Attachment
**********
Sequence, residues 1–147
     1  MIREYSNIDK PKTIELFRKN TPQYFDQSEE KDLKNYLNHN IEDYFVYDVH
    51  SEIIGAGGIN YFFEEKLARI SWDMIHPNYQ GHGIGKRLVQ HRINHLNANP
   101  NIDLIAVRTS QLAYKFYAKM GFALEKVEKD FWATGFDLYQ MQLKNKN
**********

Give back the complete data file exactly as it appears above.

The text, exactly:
Sequence, residues 1–147
     1  MIREYSNIDK PKTIELFRKN TPQYFDQSEE KDLKNYLNHN IEDYFVYDVH
    51  SEIIGAGGIN YFFEEKLARI SWDMIHPNYQ GHGIGKRLVQ HRINHLNANP
   101  NIDLIAVRTS QLAYKFYAKM GFALEKVEKD FWATGFDLYQ MQLKNKN